Many factors can lead to excessive blood clotting, causing limited or blocked blood flow and can be life-threatening. Signs and symptoms of excessive blood clotting depend on where the clots form.
- A blood clot in the heart or lungs could include symptoms such as chest pain, shortness of breath, and upper body discomfort in the arms, back, neck, or jaw, suggesting a heart attack or pulmonary embolism (PE).
- A blood clot in the brain could cause headaches, speech changes, paralysis (an inability to move), dizziness, and trouble speaking or understanding speech, suggesting a possible stroke.
- A blood clot in the deep veins of the leg may create symptoms such as pain, redness, warmth, and swelling in the lower leg, and could suggest deep vein thrombosis (DVT) or peripheral artery disease (PAD). If you have signs or symptoms of a heart attack, PE or stroke, call 9-1-1 right away. If you have signs or symptoms of DVT, call your doctor right away. The cause of the blood clot needs to be found and treated as soon as possible.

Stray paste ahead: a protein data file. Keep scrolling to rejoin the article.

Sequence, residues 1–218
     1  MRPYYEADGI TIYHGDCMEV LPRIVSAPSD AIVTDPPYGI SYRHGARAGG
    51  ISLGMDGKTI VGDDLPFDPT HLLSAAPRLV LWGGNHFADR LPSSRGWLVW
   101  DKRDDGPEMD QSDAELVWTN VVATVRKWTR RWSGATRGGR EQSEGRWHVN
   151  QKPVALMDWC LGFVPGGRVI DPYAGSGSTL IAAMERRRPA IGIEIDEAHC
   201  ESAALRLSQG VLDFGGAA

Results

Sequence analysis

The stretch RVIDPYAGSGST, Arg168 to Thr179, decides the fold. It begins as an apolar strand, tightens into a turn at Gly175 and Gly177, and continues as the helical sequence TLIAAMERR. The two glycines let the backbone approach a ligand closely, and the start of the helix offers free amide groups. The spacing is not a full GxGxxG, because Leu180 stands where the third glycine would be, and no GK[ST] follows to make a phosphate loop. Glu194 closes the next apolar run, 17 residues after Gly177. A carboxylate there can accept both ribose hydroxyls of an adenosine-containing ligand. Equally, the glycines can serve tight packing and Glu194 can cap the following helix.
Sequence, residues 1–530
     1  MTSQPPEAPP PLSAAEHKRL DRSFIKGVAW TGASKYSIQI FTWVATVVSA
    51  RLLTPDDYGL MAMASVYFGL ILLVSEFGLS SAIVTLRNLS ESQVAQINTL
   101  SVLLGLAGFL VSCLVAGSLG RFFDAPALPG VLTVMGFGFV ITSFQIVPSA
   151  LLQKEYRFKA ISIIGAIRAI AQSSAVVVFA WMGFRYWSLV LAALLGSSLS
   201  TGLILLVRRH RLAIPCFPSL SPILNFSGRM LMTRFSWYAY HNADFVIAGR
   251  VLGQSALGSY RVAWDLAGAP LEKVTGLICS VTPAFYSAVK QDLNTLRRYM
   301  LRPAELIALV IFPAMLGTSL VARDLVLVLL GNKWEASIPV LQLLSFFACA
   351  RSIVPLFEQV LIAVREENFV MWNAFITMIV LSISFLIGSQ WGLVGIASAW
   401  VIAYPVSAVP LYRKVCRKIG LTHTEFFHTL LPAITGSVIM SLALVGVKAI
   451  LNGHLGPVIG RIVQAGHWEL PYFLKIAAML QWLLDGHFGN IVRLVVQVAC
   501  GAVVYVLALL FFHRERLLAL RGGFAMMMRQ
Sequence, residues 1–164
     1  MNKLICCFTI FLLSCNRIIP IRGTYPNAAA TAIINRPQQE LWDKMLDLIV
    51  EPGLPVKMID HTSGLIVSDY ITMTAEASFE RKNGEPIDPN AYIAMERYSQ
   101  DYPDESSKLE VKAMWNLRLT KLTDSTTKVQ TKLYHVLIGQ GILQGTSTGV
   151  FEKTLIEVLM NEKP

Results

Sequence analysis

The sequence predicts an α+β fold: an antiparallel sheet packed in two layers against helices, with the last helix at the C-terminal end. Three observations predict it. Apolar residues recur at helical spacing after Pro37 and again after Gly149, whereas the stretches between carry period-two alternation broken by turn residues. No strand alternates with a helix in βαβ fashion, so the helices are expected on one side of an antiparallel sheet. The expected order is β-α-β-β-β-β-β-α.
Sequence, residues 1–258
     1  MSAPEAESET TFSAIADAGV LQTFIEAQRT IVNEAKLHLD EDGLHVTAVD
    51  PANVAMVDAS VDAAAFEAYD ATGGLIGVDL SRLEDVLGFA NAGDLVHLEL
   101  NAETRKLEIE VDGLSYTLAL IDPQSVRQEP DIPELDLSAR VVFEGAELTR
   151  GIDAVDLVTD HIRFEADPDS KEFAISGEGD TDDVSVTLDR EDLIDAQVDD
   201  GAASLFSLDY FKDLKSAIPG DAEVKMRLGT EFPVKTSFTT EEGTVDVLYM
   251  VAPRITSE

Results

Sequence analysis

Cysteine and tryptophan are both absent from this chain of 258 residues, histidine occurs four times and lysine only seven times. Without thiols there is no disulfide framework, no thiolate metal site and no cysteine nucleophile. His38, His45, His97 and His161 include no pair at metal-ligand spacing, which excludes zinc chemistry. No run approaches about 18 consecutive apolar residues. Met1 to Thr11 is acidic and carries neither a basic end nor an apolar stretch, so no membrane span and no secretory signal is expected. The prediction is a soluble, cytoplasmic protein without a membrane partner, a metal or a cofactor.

If your healthcare provider thinks that you have excessive blood clotting, he or she will look for the cause of the condition by doing a physical exam.
Medical and family histories will also be reviewed in case you have a blood relative who has had the following:
- Relatives with abnormal or excessive clotting
- A history of repeated blood clots before age 40
- Blood clots during pregnancy or while on birth control pills
- Unexplained miscarriages
- A history of excessive or unusual blood clots (such as in the veins in the liver or kidneys)
Blood work will also be reviewed. Initial blood tests will include a complete blood count and a platelet count. These tests measure the number of red blood cells, white blood cells, and platelets in your blood. In this situation, your doctor will want to know the number of platelets in your blood. Platelets are blood cell fragments that stick together to form clots.
Your doctor may choose to do additional blood tests if more information is needed.
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